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Job insecurity and remuneration in Chinese family‐owned business workers

Qiao Hu (Yongkang Nursing School of Zhejiang Province, Yongkang, China)
Wilmar B. Schaufeli (Department of Psychology, Utrecht University, Utrecht, The Netherlands)

Career Development International

ISSN: 1362-0436

Article publication date: 22 February 2011

3382

Abstract

Purpose

The purpose of this paper is to study the impact of job insecurity (past job downsizing and anticipated job downsizing) and current remuneration – via wellbeing (burnout and work engagement) – on organizational outcomes (organization commitment and low turnover intention) of Chinese family‐owned business.

Design/methodology/approach

The Job Demands‐Resources (JD‐R) model is used as a conceptual framework and data from 585 workers of three Chinese family‐style factories were analyzed using structural equation modeling.

Findings

Results confirm the hypothesized model indicating that in accordance with the JD‐R model: job resources (i.e. job downsizing and current remuneration) are associated with organizational outcomes through wellbeing (burnout and work engagement) and; anticipated job downsizing fully mediates the relation of past job downsizing with wellbeing.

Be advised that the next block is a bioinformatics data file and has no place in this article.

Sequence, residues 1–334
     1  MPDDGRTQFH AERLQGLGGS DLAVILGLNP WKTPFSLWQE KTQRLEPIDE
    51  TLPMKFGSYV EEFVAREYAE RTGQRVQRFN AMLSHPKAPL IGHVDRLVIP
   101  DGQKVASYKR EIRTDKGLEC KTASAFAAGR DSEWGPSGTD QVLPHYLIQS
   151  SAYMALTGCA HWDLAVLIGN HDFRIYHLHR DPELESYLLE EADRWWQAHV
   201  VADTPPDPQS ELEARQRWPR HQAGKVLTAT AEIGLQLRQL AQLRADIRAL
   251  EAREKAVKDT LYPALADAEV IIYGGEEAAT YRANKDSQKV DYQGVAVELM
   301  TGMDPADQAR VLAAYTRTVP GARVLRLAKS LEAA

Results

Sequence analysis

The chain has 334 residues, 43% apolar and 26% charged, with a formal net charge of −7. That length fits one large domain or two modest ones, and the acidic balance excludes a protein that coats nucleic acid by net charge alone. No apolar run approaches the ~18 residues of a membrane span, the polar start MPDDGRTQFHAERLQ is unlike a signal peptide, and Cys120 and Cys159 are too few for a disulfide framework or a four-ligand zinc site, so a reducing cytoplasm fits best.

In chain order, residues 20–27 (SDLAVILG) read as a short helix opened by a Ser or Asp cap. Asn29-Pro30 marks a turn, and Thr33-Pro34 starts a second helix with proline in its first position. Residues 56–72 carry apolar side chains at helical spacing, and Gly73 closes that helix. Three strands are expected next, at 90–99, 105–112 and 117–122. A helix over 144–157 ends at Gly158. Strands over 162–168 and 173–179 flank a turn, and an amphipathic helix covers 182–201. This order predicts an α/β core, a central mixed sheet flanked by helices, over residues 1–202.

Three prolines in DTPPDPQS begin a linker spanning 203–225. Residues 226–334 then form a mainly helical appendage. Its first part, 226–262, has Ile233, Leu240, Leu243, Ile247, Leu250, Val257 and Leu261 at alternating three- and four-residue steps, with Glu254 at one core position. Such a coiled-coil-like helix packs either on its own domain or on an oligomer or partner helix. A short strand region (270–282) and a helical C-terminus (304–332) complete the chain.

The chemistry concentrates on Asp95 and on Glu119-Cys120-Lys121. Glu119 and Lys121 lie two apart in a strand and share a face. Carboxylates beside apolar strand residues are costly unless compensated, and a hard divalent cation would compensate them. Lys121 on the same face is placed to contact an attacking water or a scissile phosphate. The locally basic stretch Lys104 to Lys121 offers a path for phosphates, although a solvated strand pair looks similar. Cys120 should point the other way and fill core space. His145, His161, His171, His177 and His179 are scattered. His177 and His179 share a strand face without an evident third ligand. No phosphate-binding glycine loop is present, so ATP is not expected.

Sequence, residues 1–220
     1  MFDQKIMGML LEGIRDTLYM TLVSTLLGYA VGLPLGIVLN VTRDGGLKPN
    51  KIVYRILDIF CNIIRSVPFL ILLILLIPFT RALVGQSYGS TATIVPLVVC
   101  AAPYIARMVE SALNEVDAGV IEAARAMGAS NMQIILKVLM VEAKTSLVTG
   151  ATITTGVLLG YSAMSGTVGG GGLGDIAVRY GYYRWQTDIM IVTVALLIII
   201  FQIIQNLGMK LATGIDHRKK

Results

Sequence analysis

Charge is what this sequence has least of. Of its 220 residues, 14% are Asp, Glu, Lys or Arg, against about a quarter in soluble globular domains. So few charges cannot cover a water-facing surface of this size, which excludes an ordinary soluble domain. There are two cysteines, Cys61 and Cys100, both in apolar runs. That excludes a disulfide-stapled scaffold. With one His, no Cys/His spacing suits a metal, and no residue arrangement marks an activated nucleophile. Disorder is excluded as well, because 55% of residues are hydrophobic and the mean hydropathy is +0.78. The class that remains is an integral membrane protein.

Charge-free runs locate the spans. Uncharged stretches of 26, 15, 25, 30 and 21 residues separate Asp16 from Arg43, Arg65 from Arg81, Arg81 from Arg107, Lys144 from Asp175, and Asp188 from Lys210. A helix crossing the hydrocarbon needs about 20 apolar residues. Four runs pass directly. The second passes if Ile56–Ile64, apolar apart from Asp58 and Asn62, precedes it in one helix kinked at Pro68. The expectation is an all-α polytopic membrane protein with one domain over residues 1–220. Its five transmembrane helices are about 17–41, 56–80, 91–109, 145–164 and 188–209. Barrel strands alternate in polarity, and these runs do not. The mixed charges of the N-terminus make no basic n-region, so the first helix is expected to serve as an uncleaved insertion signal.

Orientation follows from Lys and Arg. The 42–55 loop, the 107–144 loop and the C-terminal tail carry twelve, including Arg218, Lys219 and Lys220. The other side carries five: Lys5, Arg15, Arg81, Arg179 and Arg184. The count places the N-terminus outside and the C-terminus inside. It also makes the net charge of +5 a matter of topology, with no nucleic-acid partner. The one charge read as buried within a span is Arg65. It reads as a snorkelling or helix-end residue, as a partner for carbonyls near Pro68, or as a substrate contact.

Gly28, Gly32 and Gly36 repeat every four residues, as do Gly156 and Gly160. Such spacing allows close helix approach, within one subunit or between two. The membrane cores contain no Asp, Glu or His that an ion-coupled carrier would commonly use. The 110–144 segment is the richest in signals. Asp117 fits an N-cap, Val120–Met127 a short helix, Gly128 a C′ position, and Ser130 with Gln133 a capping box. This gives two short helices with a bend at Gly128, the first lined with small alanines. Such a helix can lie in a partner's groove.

Originality/value

The current study examined the effects of job insecurity (i.e. downsizing) and current remuneration on organization outcomes of workers in Chinese family‐owned business using a questionnaire survey. To date, studies using the JD‐R model focused on other work characteristics but overlooked the potential role of job insecurity and current remuneration. The study demonstrated the importance of anticipated and past downsizing and current remuneration for employee wellbeing and organization outcomes.

Keywords

Citation

Hu, Q. and Schaufeli, W.B. (2011), "Job insecurity and remuneration in Chinese family‐owned business workers", Career Development International, Vol. 16 No. 1, pp. 6-19. https://doi.org/10.1108/13620431111107784

Publisher

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Emerald Group Publishing Limited

Copyright © 2011, Emerald Group Publishing Limited

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